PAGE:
Watching and rooting for the Padres from a relatively safe distance of two time zones away provides a unique perspective. Think of it as gaining an appreciation for details best examined from afar while suppressing or even muting the anguish associated with the less geographically challenged Padres fan. Trade the level of emotional investment for additional clarity.
Granted, I’m a lifelong Cardinals fan, so one might consider the emotional investment on my part to be slightly hedged. Maybe it is. Maybe putting the vast majority of one’s eggs in a completely different basket has its advantages. I can often take solace in a place where most Padres fans cannot. Temporary immunity from visceral reactions has certain privileges.
That’s not to say that I don’t find myself envisioning Bud Black being bludgeoned by baseball bats when the lineup is announced. I can neither confirm nor deny that, but hearing the collective cries of the more vocal portions of the fan base (bloggers) keeps me honest. When they suffer, I find myself thinking “There but for the grace of the baseball gods go I.”
Identifying with the Padres faithful may seem a stretch for many, but please indulge me for a few minutes and allow me to make my case. The Padres are neither the pastime’s elite nor the true underdog. They are the middle child of a lower-middle class family that can afford a reasonable mortgage in the suburbs. They take the occasional vacation in years that one of the kids doesn’t need major orthodontic work.
Few see their triumphs as storybook tales or their failures as epic derps writ large. They embody the eternally faceless “middle”. They win the occasional battle all the while having little doubt about the war’s outcome. They get credit for the grind without the bonus of getting the “bump”.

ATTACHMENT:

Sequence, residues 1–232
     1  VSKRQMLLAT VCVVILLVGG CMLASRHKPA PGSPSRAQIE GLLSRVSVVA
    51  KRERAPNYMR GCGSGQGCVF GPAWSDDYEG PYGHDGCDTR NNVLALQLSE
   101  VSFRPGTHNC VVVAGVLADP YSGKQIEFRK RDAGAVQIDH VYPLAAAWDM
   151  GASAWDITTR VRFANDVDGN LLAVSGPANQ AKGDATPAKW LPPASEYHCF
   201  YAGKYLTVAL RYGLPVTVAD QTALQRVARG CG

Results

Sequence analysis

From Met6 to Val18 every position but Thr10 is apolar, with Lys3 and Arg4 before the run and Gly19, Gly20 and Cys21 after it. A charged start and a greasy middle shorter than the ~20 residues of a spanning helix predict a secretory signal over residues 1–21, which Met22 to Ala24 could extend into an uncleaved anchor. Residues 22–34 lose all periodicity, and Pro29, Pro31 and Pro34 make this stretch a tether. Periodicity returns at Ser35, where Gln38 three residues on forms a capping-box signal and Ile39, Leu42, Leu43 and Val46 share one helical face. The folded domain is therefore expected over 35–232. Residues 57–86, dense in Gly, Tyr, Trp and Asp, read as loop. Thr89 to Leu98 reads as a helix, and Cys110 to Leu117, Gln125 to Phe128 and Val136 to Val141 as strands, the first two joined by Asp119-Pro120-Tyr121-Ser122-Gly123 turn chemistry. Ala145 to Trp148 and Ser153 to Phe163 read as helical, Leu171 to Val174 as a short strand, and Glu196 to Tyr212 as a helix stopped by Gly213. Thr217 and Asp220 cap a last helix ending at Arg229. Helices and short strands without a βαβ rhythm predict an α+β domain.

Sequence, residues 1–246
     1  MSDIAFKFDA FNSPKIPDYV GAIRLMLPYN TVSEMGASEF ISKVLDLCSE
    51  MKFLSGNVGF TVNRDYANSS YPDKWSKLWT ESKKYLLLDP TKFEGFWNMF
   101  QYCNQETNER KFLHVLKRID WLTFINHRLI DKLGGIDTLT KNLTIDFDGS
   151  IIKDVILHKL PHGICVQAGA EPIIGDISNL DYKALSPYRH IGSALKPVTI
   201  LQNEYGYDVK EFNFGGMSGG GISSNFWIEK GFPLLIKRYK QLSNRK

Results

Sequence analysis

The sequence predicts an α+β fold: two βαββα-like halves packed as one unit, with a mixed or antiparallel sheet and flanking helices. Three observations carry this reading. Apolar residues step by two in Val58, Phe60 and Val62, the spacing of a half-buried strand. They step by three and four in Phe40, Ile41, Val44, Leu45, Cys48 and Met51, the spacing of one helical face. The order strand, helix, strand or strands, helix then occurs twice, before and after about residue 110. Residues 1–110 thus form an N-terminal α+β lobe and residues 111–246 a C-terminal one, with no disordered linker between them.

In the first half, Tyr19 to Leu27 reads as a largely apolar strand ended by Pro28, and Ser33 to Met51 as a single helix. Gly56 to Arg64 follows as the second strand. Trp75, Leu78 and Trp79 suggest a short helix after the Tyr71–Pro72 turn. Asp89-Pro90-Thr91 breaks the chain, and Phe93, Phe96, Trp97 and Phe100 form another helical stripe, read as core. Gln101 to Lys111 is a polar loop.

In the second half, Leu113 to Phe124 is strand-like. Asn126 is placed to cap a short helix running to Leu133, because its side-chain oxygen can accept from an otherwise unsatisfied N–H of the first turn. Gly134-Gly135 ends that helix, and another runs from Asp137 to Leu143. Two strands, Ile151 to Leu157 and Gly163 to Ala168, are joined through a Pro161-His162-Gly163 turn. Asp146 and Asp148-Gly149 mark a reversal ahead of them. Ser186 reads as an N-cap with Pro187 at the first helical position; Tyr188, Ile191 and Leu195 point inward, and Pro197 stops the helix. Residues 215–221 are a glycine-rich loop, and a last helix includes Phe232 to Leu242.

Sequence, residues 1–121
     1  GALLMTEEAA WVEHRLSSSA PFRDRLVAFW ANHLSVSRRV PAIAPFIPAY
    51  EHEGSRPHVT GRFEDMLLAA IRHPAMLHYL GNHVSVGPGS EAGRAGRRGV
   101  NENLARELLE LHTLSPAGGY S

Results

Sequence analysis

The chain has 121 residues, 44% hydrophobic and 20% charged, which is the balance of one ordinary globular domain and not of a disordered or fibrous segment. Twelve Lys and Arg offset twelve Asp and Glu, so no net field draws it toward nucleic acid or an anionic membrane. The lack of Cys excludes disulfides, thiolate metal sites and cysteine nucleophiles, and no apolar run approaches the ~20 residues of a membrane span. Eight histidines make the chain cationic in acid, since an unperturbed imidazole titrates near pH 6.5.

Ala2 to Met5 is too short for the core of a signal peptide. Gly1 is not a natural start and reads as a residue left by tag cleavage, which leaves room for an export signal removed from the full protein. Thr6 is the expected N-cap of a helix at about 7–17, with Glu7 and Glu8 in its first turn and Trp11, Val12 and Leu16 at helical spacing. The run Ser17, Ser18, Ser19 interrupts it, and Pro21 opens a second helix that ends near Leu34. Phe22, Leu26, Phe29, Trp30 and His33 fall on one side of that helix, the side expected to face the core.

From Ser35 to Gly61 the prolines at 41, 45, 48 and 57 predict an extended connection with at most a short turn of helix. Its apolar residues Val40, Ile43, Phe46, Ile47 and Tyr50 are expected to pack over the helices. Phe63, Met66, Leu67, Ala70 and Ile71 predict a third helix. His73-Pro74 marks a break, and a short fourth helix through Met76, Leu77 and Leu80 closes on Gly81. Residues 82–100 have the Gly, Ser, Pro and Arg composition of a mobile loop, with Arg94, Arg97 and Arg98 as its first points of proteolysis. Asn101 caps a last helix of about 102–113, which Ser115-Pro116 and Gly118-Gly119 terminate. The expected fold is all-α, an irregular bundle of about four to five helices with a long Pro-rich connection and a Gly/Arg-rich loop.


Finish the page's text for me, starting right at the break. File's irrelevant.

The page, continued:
Small doses of disappointment get tempered by low expectations. The usual kvetching and hand-wringing always accompanied by a growing sense of acceptance inevitably gives way to Padres Seasonal Affective Disorder. One then expects to see the Padres make the top plays of the night….in highlights for the other team. The Padres play the Washington Generals to everyone else’s Harlem Globetrotters – more punching bag than heel. Maybe something will change.
At first glance from the aforementioned distance of space and time, the 2014 Padres look exactly like dozens of teams before them. To that end, they resemble greatly the 2011, 2012, and 2013 editions – decidedly more noise than signal. After 45+ years of near-misses interspersed with mediocrity and abject failure, the Padres continue to look exactly like most people expect. They continue to rely on oft-injured potential stars, semi-talented players that have shown flashes of brilliance, and high mileage rentals. A roster built around such players needs to catch lightning in a rather unsteady bottle. That rarely happens. Promise and potential provide a façade of hope that slowly deteriorates.
More so than any other group, Padres fans meet the practical definition of “insanity”. That is they repeat behaviors while expecting a different outcome. In many ways, that may be the most beautiful and simultaneously terrifying type of insanity. It’s like Groundhog Day for 162 games a year plus a few extra games in more torturous years involving the playoffs. Somehow they stick around. They manage to top 2 million annually at Petco to watch a team play under .500. That’s some staying power of the Kama Sutra variety.